Tennessee Appeals Process
The local District Attorney prosecutes the case. If it is a first-degree murder case that is death-eligible, the District Attorney decides whether to seek the death penalty.
The jury decides on guilt and, if the District Attorney is seeking a death sentence or a sentence of life without parole, the jury determines the sentence. Otherwise, the trial court conducts a sentencing hearing and imposes the sentence.
In a direct appeal, a defendant can raise questions about the validity of his or her conviction and/or sentence in a brief filed in the Court of Criminal Appeals. An attorney from the Criminal Appeals Division of the Attorney General's Office then files a responsive brief on behalf of the State. The court may also decide to hear oral arguments at this stage or at any stage of the case. A three-judge panel of the Court of Criminal Appeals will issue an opinion after reviewing briefs, the trial court record, and any arguments.
After a decision is issued by the Court of Criminal Appeals, either side may request permission to appeal the decision to the Tennessee Supreme Court. Unlike the Court of Criminal Appeals, review of appeals in the Supreme Court is granted or denied at the discretion of the Court. If the Supreme Court grants permission to appeal, attorneys for both sides will submit briefs to the court, and there may be an oral argument. If permission to appeal is denied, the decision by the Court of Criminal Appeals is the final decision in the direct appeal. The only exception to this discretionary review is in capital cases, where a defendant’s conviction and death sentence are automatically reviewed by the Supreme Court. For capital cases in which the crime occurred on or after July 1, 2019, the conviction and sentence of death will be appealed directly to the Tennessee Supreme Court after the judgment becomes final, bypassing the Court of Criminal Appeals. Defendants who are unsuccessful in the Court of Criminal Appeals or Tennessee Supreme Court may seek certiorari review in the United States Supreme Court.
A defendant who did not pursue a direct appeal has one year from the date that the judgment became final to file a petition for post-conviction relief in the trial court. If a defendant pursued a direct appeal, the defendant has one year from the date of the final decision of the highest state appellate court that the defendant sought appellate review from to file a post-conviction petition. A post-conviction petition is a request to overturn a conviction or sentence based on constitutional violations. The local district attorney general handles post-conviction petitions in the trial courts.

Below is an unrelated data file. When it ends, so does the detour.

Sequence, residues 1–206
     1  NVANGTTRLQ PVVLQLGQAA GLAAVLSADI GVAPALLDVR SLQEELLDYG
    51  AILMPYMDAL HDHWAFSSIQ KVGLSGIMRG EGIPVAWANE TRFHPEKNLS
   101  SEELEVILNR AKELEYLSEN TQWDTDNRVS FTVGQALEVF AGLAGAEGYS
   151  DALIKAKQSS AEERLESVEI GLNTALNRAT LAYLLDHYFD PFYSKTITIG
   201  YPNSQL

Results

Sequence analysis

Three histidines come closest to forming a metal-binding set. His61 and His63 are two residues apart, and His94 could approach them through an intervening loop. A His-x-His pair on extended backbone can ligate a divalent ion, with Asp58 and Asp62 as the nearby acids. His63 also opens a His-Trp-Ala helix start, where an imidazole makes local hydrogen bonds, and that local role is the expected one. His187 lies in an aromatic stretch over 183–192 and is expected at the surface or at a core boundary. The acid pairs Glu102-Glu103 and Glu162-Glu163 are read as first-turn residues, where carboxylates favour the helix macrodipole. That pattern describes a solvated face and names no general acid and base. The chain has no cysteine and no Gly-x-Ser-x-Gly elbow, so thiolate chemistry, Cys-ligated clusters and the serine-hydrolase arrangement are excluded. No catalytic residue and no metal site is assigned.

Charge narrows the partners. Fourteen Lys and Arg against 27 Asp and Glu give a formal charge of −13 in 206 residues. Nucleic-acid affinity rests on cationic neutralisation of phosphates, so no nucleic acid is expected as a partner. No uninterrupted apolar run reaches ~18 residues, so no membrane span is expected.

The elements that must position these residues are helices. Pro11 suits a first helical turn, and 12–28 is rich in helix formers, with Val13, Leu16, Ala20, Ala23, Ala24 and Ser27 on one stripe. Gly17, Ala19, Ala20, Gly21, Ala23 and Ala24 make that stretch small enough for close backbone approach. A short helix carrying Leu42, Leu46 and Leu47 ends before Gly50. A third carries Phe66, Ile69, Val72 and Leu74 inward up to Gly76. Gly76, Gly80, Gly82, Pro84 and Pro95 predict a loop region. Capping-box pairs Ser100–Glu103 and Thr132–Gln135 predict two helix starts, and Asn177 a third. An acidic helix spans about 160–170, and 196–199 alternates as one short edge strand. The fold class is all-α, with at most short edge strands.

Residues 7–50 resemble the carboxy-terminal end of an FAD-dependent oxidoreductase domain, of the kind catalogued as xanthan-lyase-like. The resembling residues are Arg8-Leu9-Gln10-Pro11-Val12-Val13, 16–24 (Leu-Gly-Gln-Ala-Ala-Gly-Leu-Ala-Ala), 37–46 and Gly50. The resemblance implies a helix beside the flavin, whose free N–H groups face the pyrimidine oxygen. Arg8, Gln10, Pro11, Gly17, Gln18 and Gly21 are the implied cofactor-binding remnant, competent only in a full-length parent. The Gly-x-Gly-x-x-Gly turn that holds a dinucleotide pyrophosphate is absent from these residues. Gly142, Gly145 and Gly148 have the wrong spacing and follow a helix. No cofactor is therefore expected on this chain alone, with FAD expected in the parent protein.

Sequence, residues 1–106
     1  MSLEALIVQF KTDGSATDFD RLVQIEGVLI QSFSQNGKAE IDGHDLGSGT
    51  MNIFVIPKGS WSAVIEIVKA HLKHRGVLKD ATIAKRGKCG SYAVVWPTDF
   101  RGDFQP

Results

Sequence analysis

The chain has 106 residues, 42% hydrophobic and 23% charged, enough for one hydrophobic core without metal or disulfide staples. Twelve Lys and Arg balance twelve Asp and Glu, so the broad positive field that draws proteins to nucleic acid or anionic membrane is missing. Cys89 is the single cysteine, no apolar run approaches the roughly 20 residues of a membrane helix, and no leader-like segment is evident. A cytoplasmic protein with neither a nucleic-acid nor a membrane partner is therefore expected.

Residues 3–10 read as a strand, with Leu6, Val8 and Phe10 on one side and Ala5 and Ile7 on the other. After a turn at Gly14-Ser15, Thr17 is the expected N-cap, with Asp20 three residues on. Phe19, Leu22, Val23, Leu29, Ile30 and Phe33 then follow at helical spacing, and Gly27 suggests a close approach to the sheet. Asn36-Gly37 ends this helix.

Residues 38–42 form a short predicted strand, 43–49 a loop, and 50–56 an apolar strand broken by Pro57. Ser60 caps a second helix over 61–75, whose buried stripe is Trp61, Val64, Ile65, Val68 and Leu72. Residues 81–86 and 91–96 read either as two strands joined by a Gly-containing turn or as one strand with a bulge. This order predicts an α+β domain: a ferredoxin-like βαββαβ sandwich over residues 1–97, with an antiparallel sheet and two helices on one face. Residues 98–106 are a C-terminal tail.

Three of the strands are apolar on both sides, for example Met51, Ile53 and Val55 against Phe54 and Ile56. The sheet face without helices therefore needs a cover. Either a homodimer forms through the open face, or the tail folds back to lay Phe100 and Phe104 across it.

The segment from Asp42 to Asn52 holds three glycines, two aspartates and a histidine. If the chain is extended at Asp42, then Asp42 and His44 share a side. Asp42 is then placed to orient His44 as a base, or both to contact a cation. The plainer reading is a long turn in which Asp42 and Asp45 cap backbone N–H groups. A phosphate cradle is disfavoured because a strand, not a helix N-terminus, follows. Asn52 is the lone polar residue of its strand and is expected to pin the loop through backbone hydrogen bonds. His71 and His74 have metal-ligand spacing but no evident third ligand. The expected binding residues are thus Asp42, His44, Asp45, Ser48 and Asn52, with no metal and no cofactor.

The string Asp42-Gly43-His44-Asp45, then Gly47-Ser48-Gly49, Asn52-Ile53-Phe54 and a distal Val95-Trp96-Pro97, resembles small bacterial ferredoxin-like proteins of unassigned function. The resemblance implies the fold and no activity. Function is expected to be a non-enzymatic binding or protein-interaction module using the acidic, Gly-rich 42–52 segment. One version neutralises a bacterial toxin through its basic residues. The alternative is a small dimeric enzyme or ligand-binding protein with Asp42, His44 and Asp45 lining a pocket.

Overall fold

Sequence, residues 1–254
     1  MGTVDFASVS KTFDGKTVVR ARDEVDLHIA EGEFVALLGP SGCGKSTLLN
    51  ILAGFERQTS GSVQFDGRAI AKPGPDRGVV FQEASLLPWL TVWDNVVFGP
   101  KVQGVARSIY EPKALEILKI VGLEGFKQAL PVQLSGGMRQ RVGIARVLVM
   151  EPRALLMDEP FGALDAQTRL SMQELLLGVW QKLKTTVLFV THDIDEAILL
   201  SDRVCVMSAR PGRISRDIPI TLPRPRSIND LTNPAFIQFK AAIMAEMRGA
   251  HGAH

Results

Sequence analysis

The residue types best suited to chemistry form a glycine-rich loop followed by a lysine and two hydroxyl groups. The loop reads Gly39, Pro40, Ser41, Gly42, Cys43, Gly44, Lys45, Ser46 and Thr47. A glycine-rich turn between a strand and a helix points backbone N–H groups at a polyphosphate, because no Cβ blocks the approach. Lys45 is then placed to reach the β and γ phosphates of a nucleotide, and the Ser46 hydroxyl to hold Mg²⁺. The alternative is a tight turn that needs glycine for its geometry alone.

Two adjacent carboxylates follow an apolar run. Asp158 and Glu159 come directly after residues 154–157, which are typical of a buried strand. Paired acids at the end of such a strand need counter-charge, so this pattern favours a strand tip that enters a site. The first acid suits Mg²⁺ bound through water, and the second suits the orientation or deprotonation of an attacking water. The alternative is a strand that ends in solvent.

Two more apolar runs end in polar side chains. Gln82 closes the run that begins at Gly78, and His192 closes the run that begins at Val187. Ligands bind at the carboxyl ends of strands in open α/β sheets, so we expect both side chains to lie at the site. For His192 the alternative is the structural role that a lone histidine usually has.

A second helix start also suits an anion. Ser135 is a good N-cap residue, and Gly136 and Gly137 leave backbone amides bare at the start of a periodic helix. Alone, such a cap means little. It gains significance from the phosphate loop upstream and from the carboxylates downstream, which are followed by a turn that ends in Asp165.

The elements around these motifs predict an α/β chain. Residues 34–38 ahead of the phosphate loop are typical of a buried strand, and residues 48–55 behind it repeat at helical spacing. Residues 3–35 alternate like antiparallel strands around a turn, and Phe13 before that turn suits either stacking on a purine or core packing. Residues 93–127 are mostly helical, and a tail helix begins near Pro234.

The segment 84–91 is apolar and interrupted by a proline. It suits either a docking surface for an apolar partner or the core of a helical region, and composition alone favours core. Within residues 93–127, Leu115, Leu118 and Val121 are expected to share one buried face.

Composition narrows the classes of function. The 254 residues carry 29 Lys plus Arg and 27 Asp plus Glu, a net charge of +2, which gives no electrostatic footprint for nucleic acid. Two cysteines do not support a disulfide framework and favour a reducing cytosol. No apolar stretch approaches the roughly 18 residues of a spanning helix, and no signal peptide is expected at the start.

If post-conviction relief is denied, a defendant may appeal to the Court of Criminal Appeals. Just as in a direct appeal, if the defendant loses in the Court of Criminal Appeals, he or she may seek permission to appeal to the Tennessee Supreme Court. Review is granted or denied at the discretion of the Supreme Court in both capital and non-capital cases. Defendants who do not get relief from the Court of Criminal Appeals or the Tennessee Supreme Court may seek certiorari review in the United States Supreme Court.
Petition for Writ of Habeas Corpus
Upon completion of all available state appeals, a defendant may file a petition for writ of habeas corpus in the federal district court. The primary function of the writ of habeas corpus is to petition for release from unlawful imprisonment. A defendant is entitled to federal habeas corpus relief only by showing a violation of a federal constitutional right.
If federal habeas corpus relief is denied in the district court, a defendant may ask the United States Court of Appeals for the Sixth Circuit to grant an appeal. If the district court decision is affirmed in the Court of Appeals, the defendant may petition the United States Supreme Court to review the case. However, review by the United States Supreme Court is rarely granted. In capital cases, once the habeas action is closed, the Attorney General’s Office shall file a motion asking the Tennessee Supreme Court to set an execution date.
In capital cases, an inmate will likely file an application seeking executive clemency. Clemency is an act of the governor reducing a death sentence to life imprisonment or granting a full or conditional pardon. The authority to grant or deny clemency rests solely with the governor.